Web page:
By Victor Block
Mention Chincoteague Island, Virginia, and you’re likely to be asked, “Isn’t that where those ponies are?” The answer is “yes.” The narrow barrier island, and larger Assateague Island, are known as the home of wild ponies made famous in the popular children’s book Misty of Chincoteague by Marguerite Henry, published in 1947, and the movie that followed.
The attention of the country focused on the area again in March 1962, when a devastating hurricane crashed onto Chincoteague Island (pronounced Shink-a-tig by locals) and flooded the town. Misty, pregnant at the time, was saved by being sheltered in her owner’s home. The foal she delivered, appropriately named Stormy, served as the main character in another book by Marguerite Henry.
Visitors to the area are immediately immersed in stories of Misty, Stormy and the other ponies. From spotting the little horses in their natural environment to a shop that sells Wild Pony Wine to a visit with Misty and Stormy themselves, reminders of the famous animals are everywhere.
Although known as Chincoteague Ponies, two herds today roam free on Assateague Island, a protected wildlife refuge, separated by a fence along the Maryland-Virginia border. Slightly smaller than most horses, the shaggy, sturdy animals have adapted to their harsh environment by eating dune and marsh grasses and drinking from fresh water ponds.
Pony lore begins with the mystery of how their ancestors came to Assateague Island. One story is that the horses are descendants of domesticated stock that farmers grazed there during the 17th century to avoid mainland taxes and penning regulations. More intriguing is the legend that their forebears swam to shore from the wreck of either a Spanish galleon or an English vessel.
The horses gained added fame from the annual pony penning and swim held each July since 1925 (next year July 24-25). Conducted for the benefit of the Chincoteague Volunteer Fire Company, the event begins as the Virginia horses are rounded up and those strong enough to swim are herded into the narrowest part of the channel separating the islands. After crossing, they’re run through the streets of Chincoteague, put in pens overnight, then sold at auction. The following day, any ponies left unsold swim back to Assateague.
There also are plenty of opportunities to see the ponies in their natural setting. They often graze near designated viewing areas in the Chincoteague Wildlife Refuge, which, despite its name, is on Assateague Island.
I also had sightings from the water on Captain Dan’s Around the Island Tours. Along with learning about the history of Chincoteague and Assateague from a waterman whose family has lived in the area since 1780, we spotted a number of ponies on land.
Captain Dan pointed out several horses by name and explained the reason for each. Woeful Willy, a somewhat depressed looking pony, prefers to hang out alone. Rambling Rose, on the other hand, “keeps company” with several stallions. A dark tan horse with an unkempt blond mane is known as, what else, Surfer Dude.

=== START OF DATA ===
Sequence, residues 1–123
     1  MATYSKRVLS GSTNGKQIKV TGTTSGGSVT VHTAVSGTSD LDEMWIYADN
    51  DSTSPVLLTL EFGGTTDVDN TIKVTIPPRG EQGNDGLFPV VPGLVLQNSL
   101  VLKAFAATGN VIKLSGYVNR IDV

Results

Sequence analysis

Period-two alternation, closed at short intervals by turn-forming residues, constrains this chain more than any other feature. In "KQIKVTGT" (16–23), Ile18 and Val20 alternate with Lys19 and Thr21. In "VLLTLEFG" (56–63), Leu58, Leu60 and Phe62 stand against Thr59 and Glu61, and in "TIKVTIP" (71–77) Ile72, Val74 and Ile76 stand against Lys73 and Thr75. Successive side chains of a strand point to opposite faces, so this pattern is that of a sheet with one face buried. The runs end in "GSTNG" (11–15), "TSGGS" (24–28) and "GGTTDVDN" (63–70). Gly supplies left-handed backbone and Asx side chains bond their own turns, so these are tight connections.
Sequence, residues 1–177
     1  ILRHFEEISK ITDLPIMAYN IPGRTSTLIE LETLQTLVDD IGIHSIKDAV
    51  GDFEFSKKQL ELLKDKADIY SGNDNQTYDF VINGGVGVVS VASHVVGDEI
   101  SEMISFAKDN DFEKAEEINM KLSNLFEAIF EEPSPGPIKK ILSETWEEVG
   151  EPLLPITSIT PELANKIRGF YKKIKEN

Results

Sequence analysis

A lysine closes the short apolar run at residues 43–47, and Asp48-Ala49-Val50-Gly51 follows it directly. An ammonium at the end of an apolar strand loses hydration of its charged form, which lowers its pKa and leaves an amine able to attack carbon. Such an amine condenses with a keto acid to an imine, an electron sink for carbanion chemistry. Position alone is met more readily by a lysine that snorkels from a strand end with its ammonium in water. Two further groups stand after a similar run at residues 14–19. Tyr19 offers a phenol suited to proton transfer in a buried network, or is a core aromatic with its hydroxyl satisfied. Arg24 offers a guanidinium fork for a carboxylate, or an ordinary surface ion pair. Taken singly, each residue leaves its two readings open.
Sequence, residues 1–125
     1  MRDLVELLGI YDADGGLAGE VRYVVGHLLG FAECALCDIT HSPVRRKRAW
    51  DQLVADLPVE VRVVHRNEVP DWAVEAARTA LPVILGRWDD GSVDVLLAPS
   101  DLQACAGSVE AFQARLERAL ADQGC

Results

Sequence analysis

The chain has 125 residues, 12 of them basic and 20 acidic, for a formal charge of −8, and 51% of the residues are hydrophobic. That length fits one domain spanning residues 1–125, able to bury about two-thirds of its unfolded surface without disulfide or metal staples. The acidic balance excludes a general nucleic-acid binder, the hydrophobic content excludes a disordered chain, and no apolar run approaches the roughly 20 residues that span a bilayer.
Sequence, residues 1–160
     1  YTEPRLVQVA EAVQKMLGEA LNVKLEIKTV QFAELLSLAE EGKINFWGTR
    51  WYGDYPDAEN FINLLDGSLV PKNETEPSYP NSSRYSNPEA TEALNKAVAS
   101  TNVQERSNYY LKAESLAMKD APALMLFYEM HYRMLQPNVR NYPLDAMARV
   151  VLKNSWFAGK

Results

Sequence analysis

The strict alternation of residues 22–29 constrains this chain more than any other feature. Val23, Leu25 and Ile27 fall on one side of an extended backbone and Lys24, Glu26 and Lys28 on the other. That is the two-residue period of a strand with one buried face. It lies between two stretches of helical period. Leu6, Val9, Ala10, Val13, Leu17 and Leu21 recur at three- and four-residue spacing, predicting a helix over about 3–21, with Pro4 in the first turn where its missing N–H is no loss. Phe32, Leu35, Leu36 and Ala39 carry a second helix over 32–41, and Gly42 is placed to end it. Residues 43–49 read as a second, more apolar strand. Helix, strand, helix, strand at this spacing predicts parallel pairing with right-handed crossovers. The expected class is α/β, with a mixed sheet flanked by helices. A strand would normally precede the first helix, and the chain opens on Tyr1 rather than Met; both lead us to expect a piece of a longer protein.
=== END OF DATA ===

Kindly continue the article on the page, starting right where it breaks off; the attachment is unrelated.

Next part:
There also are other ways to get close up and personal with the ponies. At the Chincoteague Pony Center, descendants of Misty are among horses used for rides, lessons and shows. Wildlife bus tours offered from April through November, which carry passengers into areas of Assateague closed to other vehicles, include pony sightings on every trip.
Misty fans also won’t want to miss the Museum of Chincoteague Island. Exhibits explore local history and culture, including the oystering industry, which employs many of the approximately 3,000 residents, and ornamental waterfowl carving, for which the area is equally well known. A focus of the displays deals with the story of Misty and Stormy, and the remains of those two little horses — in what, when I used the word “stuffed,” was told are in a “preserved” state — welcome visitors as they enter the building.
My introduction to the oystering industry came during a stop at the Chincoteague Shellfish Farms. Proprietor Mike McGee explained that dredging for oysters has pretty much given way to aquaculture. He proclaimed that the local waters are “God’s country for the oyster.” A visit to Mike’s operation or any other on the island provides an introduction to the process that transports oysters from their environment to dinner plates all over the country.
As a native of the area, Mike clings to the unique twang that immediately identifies locals from visitors. In their vernacular, the word town comes out as “tayn,” where is “wahr” and air translates to “ayer.”
I also found engrossing the story of ornamental bird carving, which has about two dozen practitioners on Chincoteague Island. Before European settlers arrived in the New World, Native Americans used floating decoys made from reeds and grasses to attract waterfowl within reach of arrows and nets. These were replaced over time by simple carved wooden decoys and, later, manufactured plastic models.
Some carvers began to fashion more elaborate waterfowl and what had begun as a craft evolved into an art. The best examples can take months to complete.
Decorative carvings are available to see and purchase at a number of places around town. The best collection is at the museum-like store named Decoys Decoys Decoys, Inc. More than 2,000 birds surround visitors like a colorful aviary.While the highest known price paid for a decorative bird is $830,000, you won’t have to pay nearly that much to take home one of the magnificent figures. If you do, you’ll have a treasured keepsake to remind you of a very different kind of destination.
If you go …
For more information about visiting Chincoteague and Assateague islands, go to chincoteaguechamber.com or call 757-336-6161.